BAE Australia’s animated video shows STRIX being stored and transported in a standard 20ft shipping container before being deployed from an austere location with no airfield and really any supporting infrastructure. The video also explains that STRIX requires minimal assembly in the field. It is important to mention that platforms with rapid deployment capability, small logistics footprint and runway independence emerge as key capabilities to operate forward in an Indo-Pacific war against regional adversaries like the China.

Screen capture from BAE Australia video showing STRIX deployed with its wings folded from a standard shipping container. Credit: BAE Australia

Using BAE Australia’s VMS technology, STRIX “will ideally be operated as a mostly stand-alone system most of the time,” said Mic Crump, senior technologist at BAE Australia in a separate promotional video. “Take-off and landing and the transition from vertical to horizontal flight will be fully autonomous. Autonomous technologies are not intended to replace the human on the modern battlefield, but rather to augment it.

In addition to its high degree of autonomy, BAE Australia specifically describes STRIX as a multi-domain, multi-role UAS. This means the drone “could be used for a variety of missions, including air-to-ground strike against hostile targets and persistent intelligence, surveillance and reconnaissance (ISR)” in high-risk environments. BAE Australia says STRIX will also feature target acquisition (TAR) and electronic warfare (EW) capabilities, completing a comprehensive set of “ISTAREW” missions that can be carried out on land, in the air and at sea.

STRIX renders as well as its mockup show the drone with an unnamed electro-optical/infrared sensor mounted in the front of the fuselage under the aircraft’s chin. A video from BAE Systems Australia explains that various payload-agnostic configurations will be available for the drone thanks to the open systems modular approach taken in its design, making it easier and more affordable to add and remove incremental components. system as needed.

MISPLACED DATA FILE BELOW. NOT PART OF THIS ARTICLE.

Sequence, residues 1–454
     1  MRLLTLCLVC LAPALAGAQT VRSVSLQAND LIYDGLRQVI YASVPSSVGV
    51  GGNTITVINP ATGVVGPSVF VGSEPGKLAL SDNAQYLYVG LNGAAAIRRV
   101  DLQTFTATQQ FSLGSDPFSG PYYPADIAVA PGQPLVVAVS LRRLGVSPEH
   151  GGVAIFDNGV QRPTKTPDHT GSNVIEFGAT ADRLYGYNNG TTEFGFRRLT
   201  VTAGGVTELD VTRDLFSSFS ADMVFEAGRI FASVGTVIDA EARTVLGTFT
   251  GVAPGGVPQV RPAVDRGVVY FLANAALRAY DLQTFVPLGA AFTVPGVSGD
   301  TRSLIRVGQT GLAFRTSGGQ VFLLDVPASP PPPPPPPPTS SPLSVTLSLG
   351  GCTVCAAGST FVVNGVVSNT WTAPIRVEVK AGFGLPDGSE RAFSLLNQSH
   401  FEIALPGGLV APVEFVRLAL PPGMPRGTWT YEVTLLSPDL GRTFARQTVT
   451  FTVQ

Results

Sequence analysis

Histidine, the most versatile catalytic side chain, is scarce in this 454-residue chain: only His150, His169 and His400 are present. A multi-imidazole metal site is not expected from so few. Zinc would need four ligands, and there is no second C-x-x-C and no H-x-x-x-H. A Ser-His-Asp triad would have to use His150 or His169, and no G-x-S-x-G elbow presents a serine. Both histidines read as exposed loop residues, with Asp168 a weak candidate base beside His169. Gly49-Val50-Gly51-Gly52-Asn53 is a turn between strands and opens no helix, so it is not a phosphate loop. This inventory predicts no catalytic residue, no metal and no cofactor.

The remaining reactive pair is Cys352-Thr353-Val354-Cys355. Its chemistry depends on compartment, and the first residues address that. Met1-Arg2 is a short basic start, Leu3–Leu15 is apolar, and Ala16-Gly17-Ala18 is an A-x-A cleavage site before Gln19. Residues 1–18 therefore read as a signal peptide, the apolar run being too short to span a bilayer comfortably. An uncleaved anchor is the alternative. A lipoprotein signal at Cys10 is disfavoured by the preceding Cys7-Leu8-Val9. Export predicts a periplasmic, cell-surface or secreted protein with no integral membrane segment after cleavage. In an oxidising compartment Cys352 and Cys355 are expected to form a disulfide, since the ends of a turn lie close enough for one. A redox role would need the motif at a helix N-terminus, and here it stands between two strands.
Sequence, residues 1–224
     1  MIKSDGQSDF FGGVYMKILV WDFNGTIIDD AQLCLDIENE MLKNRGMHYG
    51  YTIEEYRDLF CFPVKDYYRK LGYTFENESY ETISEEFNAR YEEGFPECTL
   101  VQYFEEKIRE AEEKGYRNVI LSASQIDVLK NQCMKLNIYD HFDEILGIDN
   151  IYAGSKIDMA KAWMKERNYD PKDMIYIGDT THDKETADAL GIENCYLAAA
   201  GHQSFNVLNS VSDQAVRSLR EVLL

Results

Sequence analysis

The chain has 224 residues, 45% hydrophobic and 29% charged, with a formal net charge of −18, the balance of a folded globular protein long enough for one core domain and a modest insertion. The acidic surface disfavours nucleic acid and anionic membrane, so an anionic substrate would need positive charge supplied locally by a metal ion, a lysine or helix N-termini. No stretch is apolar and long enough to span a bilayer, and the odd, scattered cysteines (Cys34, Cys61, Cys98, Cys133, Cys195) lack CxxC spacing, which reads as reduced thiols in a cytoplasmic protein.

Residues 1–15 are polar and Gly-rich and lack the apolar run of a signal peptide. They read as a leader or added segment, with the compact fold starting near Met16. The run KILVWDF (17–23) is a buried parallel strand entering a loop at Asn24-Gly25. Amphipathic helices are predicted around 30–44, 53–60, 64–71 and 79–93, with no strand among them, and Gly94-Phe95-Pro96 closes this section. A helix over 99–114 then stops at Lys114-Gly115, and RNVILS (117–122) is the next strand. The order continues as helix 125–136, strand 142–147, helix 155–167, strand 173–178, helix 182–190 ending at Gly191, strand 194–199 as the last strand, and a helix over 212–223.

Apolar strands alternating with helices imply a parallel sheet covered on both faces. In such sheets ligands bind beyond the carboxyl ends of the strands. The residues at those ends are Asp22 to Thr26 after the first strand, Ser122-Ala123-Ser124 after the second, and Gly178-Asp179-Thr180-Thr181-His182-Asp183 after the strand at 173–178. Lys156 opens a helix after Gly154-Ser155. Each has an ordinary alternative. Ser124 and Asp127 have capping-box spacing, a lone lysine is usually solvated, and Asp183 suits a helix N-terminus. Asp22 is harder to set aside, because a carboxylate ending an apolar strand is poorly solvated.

Screen grab from BAE Australia video showing STRIX’s chin-mounted sensor payload. Credit: BAE Australia

In a strike role, the company says STRIX will be able to transport and deploy a variety of air-to-surface munitions that can be found in service with the Australian Defense Force, all from its two mounted weapon stations. on the window. At the Avalon Airshow, Choo learned that this would include APKWS II 70mm laser-guided rockets, as well as Hellfire and Brimstone missiles.

BAE Australia also unveiled an all-new, locally-made missile that the company says has been designed to complement STRIX’s capabilities. This system was dubbed RAZER and, according to the company, “consists of a wing/body kit and a tail unit fitted with a GPS/INS navigation and control system, intended for vehicle-based operations unmanned combat aircraft and rotary wing aircraft”. The winged configuration would give STRIX more survivability when attacking targets in high risk areas.

A rendering of the RAZER Precision Guided Munition. Credit: BAE Australia

“RAZER fills an obvious gap in the Sovereign Guided Weapons market. This will allow our Australian Defense Force easy access to world-class ammunition right here in Australia,” Hudson said. BAE Australia’s website explains that development, acquisition and testing of RAZER will take place in the coming months, but did not offer an expected go-live schedule.